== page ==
To settle our lunch we walked across the street from the pub to an old Protestant church and school. This was another great photo opportunity. The weather was breaking up a bit, but still lots of dark clouds around. Maybe enough blue sky to make a Dutchman’s britches, but I don’t know if that counts in Ireland.

Limerick Church

The churchyard had lots of interesting burial crypts and graves, well maintained as such things go in Ireland. Lots of history. The church wasn’t always Protestant, of course, given Irish religious history. So some of the city’s notables, of both religions, lie sleeping together peacefully in the yard south of the chapel, along a portion of the ancient fortifications of Limerick.

Limerick WallI mentioned to John that it was interesting that such a mixture of graves was to be found next to a Protestant Church. He said it wasn’t abnormal, though. Then he pointed out that it was about the only way to get Irish Catholics and Irish Protestants to tolerate each other, waiting until they died and then burying them together.

We walked a couple of blocks over and entered the ground of King John’s Castle, a 13th century fort on an island in the Shannon. King John was lord of all Ireland at one point, and as such he had the right and privilege to mint coins. He had the fort built beginning in 1200, and in doing so he buried many Viking houses and structures. Restoration and archeological investigations are ongoing.

This castle, unlike others in Ireland, saw plenty of action over the centuries. In 1642, the Great Siege of the English trapped in the castle by the Confederate Irish Army under General Barry lasted for several weeks, with the English finally ceding the castle as starvation devastated the defenders and sappers brought down several walls of the fort.

There are stories that the English were well-treated at first, but then later tortured and drowned in a massacre that saw only one survivor. Indeed, English reports at the time said over 150,000 English across Ireland had been killed, which was more than there were English in Ireland at the time.

These purported massacres ultimately led to the Cromwellian punishment and subjugation of Ireland a few years on. Limerick Castle saw battle in that campaign as well. King William of England, in 1690-91, also campaigned in Ireland after yet another uprising of the population. (You’d think they’d learn.) He sent General Douglas to lay siege to Athlone, while he marched on Limerick and King John’s Castle. Douglas was repulsed after only seven days at Athlone, so he marched to support his king.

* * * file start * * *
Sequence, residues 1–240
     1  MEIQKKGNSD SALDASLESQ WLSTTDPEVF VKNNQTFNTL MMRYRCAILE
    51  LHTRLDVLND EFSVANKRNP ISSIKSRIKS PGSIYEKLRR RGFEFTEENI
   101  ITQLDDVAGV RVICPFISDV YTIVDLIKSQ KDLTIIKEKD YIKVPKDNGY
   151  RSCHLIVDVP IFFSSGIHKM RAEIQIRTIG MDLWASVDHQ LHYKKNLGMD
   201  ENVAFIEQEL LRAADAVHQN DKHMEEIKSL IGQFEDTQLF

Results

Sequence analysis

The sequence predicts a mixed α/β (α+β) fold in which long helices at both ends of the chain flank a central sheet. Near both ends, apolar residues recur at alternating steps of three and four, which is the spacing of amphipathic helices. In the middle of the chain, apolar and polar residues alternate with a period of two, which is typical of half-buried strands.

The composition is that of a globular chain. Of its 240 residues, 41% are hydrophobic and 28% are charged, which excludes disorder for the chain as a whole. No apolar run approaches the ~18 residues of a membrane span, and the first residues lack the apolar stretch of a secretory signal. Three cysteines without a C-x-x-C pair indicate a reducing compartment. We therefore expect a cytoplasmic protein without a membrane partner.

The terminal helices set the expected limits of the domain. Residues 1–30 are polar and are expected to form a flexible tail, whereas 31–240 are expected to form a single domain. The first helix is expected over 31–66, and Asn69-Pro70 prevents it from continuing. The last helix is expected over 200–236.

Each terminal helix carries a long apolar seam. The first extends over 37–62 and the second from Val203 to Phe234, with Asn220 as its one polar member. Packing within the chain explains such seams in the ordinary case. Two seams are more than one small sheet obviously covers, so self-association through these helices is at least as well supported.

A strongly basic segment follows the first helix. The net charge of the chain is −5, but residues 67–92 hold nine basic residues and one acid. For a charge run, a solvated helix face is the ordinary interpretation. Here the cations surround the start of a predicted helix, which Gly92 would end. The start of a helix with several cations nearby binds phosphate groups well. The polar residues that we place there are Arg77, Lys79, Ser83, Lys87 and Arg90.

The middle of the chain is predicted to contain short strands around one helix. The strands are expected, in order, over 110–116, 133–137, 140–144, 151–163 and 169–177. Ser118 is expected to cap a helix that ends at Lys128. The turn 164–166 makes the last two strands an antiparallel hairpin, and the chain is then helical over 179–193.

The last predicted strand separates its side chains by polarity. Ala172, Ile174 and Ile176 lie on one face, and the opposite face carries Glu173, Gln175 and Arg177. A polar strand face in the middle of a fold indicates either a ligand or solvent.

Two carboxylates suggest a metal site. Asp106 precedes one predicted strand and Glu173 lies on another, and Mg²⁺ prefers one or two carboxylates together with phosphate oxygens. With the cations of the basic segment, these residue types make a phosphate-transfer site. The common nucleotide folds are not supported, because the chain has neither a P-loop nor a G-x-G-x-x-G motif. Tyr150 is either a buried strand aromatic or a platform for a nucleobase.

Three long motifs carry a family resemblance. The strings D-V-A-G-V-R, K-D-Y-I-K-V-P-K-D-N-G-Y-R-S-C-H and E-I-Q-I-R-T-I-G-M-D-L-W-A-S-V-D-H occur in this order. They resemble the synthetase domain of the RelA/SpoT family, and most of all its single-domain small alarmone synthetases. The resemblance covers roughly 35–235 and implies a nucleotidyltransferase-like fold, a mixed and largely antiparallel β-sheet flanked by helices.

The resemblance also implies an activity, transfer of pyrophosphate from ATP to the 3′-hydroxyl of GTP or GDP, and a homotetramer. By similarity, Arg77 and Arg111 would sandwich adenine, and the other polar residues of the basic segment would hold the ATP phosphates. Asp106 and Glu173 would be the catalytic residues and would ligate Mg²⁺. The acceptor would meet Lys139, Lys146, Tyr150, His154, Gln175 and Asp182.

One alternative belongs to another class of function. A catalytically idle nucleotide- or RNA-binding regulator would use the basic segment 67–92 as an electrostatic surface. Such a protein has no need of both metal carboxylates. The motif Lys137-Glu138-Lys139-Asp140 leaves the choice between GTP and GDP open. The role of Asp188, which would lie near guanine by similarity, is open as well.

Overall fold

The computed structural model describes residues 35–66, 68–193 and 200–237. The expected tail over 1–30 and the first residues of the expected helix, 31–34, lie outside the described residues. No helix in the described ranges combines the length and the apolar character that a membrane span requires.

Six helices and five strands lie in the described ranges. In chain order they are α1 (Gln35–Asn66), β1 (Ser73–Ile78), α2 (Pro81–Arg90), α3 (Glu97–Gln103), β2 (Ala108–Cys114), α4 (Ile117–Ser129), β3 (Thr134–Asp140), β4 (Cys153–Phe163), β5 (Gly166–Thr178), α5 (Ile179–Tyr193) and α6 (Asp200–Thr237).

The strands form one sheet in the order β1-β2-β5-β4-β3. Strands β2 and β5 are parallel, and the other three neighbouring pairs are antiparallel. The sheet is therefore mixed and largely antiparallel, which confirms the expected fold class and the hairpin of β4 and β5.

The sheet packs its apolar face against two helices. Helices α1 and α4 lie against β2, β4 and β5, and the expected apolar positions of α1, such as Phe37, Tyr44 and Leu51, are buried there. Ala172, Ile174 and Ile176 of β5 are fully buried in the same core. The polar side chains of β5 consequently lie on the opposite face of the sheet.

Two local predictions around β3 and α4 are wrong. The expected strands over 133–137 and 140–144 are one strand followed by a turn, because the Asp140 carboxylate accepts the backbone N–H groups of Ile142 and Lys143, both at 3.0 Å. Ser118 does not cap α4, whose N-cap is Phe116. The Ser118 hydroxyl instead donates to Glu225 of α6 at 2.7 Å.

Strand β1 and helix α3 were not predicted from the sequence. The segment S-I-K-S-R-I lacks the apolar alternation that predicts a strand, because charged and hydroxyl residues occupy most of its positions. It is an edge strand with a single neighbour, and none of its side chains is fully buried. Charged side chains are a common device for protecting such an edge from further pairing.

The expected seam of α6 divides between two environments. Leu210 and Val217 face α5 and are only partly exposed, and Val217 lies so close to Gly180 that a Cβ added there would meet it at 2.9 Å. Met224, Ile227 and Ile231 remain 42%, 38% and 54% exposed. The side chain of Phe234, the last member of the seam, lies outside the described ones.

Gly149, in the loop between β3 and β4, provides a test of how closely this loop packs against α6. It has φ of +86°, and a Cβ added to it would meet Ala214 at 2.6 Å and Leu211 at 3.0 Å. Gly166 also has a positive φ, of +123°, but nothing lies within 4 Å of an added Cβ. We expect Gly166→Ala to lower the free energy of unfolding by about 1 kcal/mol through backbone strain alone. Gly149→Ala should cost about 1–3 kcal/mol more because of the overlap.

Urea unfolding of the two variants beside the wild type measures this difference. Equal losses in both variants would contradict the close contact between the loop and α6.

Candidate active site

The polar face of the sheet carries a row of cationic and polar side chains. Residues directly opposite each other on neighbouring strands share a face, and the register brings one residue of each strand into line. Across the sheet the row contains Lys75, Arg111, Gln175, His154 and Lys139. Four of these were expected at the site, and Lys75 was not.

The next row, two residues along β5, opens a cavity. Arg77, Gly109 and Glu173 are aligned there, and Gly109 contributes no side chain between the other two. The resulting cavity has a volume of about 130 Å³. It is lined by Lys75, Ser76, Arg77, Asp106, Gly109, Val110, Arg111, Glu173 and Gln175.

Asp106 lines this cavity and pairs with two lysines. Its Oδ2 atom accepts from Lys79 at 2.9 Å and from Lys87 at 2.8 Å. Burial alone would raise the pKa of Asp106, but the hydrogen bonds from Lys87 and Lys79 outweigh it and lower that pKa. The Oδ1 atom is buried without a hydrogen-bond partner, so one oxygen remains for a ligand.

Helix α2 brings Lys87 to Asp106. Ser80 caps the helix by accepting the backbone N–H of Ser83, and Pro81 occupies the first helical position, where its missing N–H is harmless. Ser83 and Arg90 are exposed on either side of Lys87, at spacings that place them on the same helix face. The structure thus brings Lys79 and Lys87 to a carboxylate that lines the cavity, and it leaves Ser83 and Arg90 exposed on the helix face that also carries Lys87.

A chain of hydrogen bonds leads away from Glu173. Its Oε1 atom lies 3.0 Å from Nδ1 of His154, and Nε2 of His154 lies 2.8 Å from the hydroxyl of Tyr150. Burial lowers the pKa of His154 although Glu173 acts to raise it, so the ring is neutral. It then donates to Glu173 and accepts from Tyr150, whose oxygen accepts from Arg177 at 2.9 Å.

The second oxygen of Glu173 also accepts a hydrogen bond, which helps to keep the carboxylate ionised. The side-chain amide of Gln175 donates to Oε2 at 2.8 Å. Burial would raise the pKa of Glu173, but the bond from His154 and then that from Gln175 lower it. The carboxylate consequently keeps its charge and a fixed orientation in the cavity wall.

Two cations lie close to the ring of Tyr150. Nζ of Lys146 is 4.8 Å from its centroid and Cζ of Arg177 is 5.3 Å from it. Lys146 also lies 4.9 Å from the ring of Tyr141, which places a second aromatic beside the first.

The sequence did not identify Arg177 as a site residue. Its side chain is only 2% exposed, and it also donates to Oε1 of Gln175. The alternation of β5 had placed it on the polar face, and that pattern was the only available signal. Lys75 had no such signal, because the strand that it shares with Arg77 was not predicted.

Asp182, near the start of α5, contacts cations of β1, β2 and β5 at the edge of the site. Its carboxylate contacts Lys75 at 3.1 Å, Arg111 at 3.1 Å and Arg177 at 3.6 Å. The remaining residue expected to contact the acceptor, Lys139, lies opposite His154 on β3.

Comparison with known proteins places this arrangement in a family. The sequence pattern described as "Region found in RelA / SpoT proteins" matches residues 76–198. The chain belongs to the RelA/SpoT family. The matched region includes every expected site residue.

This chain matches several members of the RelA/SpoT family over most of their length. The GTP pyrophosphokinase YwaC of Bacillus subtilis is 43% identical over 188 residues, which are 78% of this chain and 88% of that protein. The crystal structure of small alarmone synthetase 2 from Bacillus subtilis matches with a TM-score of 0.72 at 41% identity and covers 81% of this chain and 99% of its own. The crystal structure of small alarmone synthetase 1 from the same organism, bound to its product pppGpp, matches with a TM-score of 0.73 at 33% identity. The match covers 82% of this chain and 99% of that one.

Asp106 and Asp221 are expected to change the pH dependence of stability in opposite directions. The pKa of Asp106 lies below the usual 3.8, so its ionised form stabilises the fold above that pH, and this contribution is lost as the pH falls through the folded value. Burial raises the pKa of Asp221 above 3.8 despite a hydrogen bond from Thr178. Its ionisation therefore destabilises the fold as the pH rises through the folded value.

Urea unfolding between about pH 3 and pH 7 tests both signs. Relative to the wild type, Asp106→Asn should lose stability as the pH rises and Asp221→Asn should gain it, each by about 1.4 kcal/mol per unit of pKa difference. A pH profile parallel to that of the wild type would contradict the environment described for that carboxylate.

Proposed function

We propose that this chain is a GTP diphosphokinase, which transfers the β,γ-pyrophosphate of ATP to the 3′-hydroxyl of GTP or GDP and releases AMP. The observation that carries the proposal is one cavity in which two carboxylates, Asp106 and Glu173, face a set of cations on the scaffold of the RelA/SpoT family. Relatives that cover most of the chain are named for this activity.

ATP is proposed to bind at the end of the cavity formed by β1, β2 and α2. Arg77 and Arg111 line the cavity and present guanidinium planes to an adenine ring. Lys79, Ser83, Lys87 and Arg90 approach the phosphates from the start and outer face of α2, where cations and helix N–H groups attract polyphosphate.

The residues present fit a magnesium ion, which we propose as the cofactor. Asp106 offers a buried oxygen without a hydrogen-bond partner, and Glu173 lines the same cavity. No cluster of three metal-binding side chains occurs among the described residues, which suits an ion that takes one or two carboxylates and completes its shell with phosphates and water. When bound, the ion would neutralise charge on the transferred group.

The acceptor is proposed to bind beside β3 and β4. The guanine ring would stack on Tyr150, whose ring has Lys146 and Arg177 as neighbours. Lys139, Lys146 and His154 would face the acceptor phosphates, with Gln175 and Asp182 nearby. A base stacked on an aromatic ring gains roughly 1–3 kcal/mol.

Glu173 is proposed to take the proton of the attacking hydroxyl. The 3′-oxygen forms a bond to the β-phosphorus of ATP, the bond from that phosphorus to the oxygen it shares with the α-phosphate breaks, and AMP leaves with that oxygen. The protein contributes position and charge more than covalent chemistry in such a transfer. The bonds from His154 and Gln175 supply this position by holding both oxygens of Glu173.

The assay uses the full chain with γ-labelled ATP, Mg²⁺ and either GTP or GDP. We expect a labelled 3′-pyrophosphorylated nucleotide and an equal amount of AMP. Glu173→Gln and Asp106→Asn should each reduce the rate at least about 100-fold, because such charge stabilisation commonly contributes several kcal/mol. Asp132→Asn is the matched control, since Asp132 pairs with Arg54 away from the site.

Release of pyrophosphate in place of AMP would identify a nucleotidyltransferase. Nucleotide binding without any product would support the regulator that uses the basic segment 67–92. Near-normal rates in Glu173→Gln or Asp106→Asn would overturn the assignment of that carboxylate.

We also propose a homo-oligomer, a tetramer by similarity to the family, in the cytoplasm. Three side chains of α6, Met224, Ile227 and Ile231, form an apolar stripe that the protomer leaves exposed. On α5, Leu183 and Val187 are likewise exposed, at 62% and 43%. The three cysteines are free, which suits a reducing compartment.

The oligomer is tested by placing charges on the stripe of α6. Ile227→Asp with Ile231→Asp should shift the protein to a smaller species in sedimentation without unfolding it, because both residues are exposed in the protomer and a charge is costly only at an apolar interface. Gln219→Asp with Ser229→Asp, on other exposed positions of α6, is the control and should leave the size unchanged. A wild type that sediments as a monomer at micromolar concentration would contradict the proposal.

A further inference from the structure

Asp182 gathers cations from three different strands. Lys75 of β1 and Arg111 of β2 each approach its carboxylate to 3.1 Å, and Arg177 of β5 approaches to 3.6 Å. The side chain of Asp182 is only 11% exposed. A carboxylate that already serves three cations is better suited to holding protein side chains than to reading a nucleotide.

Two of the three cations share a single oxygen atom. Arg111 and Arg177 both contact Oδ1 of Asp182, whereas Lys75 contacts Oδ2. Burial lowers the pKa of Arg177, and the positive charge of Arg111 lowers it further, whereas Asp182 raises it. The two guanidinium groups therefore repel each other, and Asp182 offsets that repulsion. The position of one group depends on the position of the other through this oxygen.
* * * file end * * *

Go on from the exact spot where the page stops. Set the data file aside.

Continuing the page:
William’s artillery train was blown up by the Irish insurgent general, Patrick Sarsfield, in a momentous foray against the English foe. Sarsfield became a national hero that day. Later he would die in France, after the English won in Ireland and expelled the Irish combatants and their families. Indeed, that great exodus produced the Wild Geese, the mercenary Irish who could fight with any army in the world but Ireland’s, or against the English, as part of the peace settlement after the Williamite expeditions.

Great, sad history. No wonder the Irish are so combative at times! John reminded me that God invented the Irish to rule the world, but then the Irish invented whisky. Seems true to me!

Castle Turret

We walked all the battlements and the grounds, which are most interesting. When we’d seen pretty much everything, and taken way too many photos, we withdrew to the gift shop to catch a breather and pump up the Irish economy some more. Trinkets galore, and somehow neither Paula nor I could resist buying “just a few more things.” As we paid and packed our boodle into PJ’s backpack, I groaned at the thought of getting all this stuff through Security at the airports. Oh well. And did I mention that Paula’s backpack is hers in name only? Guess who carried it. But only when it got heavy, of course.

The main museum in downtown Limerick was closed, unfortunately. We walked a bit along the Shannon, then toured through the business district. Rain was settling back in, and we decided to call it a day. We headed off to Adare, where we drove through the Manor grounds along the way and looked at the new houses being built. If you have few million Euros lying around loose, you could pick up one of these domiciles. Right on the golf course!

The tour of Limerick was nice, and polished off a lovely Sunday in Ireland. We never found where the Limerick was invented, though…

Enjoy the (Rainy Poetic City) Heat!